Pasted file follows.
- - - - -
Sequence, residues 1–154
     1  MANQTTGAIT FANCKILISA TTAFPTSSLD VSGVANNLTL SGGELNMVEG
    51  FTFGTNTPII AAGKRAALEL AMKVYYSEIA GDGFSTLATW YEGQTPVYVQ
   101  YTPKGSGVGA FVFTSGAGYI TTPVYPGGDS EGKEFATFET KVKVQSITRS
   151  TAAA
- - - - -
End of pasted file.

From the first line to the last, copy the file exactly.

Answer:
Sequence, residues 1–154
     1  MANQTTGAIT FANCKILISA TTAFPTSSLD VSGVANNLTL SGGELNMVEG
    51  FTFGTNTPII AAGKRAALEL AMKVYYSEIA GDGFSTLATW YEGQTPVYVQ
   101  YTPKGSGVGA FVFTSGAGYI TTPVYPGGDS EGKEFATFET KVKVQSITRS
   151  TAAA